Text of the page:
A franchisee trade group sued the City of Seattle and demanded an injunction preventing the City from classifying them as "large businesses" under the City's $15 Minimum Wage ordinance which provides for different phase-in schedules based upon business size. The businesses sought a court order to enjoin the classification while the case is pending in the Western District of Washington, but the motion was denied by Judge Richard Jones yesterday in a 44-page memorandum opinion in International Franchise Association, Inc. v. City of Seattle, Case no. C14-848 RAJ.
A preliminary injunction is an extraordinary remedy, and must be supported by a finding that the requesting party is likely to succeed on the merits of the case and would suffer irreparable harm if the injunction is denied, the balance of equities is in its favor, and that an injunction is in the public interest. Judge Jones specifically noted that Plaintiffs' claims of irreperable harm were conclusory and not based upon "facts in the record." The court rejected every single argument by the franchisees, and noted the City has a rational basis for treating as large businesses franchisees who would not otherwise meet the ordinance's definition, dismissing the plaintiff's argument that was based in part upon a quote by Socialist city council member Kshama Sawant:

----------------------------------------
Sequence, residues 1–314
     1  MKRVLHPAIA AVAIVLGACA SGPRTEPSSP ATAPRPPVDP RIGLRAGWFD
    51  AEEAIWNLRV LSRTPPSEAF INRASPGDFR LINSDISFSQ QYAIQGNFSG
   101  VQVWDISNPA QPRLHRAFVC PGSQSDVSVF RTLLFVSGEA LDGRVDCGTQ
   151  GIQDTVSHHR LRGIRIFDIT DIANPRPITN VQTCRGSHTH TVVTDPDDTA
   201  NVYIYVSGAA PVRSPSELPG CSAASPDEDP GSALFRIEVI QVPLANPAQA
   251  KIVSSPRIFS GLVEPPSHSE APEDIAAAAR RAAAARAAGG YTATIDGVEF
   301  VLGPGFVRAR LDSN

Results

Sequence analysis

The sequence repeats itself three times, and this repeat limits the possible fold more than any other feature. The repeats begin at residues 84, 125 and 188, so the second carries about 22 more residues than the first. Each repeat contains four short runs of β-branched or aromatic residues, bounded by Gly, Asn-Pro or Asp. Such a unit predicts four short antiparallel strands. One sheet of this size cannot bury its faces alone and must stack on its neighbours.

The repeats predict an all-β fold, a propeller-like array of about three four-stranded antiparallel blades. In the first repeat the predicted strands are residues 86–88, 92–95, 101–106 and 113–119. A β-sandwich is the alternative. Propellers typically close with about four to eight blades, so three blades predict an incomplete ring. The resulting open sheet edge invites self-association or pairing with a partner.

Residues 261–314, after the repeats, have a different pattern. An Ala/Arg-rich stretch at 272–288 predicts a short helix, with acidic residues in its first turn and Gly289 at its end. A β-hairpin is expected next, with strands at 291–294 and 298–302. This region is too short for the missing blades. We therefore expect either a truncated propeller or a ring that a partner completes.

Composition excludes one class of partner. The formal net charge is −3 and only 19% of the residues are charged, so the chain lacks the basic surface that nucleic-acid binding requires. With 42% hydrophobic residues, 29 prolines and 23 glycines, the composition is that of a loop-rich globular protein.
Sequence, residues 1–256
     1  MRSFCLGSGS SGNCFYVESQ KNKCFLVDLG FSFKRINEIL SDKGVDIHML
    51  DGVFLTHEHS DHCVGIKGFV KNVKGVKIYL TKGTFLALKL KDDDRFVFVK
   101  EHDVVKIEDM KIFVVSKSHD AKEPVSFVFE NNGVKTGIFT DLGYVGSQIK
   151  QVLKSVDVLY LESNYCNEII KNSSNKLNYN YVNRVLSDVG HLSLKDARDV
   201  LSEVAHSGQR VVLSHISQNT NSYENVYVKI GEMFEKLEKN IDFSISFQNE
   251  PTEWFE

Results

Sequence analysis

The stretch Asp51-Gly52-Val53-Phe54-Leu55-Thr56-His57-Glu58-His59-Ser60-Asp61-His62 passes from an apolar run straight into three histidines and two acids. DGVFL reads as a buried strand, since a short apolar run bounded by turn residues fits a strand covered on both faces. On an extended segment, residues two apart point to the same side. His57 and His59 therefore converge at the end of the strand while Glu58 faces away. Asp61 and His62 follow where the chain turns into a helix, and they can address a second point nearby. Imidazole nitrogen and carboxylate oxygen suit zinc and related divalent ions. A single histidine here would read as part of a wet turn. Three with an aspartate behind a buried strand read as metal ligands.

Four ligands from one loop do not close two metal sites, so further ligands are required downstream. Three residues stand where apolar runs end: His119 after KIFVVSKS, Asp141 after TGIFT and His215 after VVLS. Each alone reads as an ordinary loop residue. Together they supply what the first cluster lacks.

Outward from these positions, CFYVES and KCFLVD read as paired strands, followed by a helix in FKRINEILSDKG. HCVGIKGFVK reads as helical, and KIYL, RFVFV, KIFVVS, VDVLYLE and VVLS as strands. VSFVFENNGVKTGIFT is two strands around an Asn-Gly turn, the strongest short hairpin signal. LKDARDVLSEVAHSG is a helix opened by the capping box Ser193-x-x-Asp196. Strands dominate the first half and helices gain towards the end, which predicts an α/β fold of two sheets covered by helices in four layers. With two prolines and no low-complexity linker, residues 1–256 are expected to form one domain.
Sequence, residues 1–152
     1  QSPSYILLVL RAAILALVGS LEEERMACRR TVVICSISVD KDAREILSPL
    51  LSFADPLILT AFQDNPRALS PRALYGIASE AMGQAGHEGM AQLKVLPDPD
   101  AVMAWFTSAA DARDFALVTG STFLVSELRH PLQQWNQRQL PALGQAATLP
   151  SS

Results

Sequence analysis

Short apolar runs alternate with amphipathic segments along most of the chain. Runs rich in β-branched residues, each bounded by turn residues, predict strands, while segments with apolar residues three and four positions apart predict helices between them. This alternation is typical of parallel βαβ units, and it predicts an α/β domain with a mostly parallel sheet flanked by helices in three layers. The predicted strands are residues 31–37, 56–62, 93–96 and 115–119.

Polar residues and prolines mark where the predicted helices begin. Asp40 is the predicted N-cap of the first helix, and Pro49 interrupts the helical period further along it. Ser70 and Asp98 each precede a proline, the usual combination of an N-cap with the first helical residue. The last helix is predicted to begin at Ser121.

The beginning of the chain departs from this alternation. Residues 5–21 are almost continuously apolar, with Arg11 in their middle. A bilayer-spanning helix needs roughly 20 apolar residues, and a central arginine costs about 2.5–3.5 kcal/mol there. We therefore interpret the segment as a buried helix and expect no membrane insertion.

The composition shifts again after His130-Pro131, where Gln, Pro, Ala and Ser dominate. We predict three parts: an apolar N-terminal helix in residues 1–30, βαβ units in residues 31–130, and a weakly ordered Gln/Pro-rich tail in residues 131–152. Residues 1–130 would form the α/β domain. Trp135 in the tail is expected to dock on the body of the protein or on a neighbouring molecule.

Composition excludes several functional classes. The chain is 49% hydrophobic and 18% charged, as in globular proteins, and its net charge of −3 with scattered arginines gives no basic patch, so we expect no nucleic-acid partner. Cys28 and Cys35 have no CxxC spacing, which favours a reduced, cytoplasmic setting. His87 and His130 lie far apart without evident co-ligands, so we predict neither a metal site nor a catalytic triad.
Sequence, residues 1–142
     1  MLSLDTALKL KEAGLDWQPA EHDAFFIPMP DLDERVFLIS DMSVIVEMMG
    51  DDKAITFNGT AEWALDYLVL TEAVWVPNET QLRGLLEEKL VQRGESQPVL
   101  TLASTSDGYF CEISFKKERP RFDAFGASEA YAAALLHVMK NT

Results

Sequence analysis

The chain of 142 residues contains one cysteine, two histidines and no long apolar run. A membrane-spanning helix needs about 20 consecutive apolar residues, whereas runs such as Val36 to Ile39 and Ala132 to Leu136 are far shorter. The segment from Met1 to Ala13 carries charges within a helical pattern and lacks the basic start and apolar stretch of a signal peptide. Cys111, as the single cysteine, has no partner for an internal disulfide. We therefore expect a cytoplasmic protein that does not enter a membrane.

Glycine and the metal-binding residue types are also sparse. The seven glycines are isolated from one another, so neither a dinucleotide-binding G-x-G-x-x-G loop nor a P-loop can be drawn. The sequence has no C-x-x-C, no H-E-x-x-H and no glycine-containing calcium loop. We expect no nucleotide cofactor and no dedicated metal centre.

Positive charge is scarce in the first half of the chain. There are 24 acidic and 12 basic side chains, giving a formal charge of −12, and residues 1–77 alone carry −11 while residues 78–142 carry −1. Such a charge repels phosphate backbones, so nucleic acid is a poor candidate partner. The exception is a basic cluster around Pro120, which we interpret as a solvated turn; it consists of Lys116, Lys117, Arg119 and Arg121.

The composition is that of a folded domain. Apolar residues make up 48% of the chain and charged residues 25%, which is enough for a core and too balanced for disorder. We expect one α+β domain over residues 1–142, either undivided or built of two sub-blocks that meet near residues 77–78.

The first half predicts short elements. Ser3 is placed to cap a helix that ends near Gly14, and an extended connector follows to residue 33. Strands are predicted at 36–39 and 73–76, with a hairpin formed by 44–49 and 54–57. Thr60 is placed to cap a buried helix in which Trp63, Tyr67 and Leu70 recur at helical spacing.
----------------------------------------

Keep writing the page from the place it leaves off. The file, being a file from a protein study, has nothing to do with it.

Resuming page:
"It's important, before we get lost in to this false idea that franchisees are somehow struggling businesses, we should look at the evidence here, which compiles McDonald's, Burger King, and Wendy's owners in Seattle…Just six companies own every franchised big burger chain in Seattle, and those six companies own a total of 236 locations all across the country. These are not small businesses. And a McDonald's franchise requirement is $750,000 of personal wealth, not borrowed money, and [a] $45,000 franchisee fee, 40% of the total cost to open a new restaurant must be paid in cash. Now yes, it's true that the McDonalds headquarters, corporate headquarters, takes away the lion's share of the profits, but in order to be a franchisee, you have to be very, very wealthy. Just a small business person of color from Rainier Beach is not going to be able to afford to open a franchise outlet."
The City of Seattle's $15/hr minimum wage will be the first of its type in the nation when it takes effect April 1, 2015.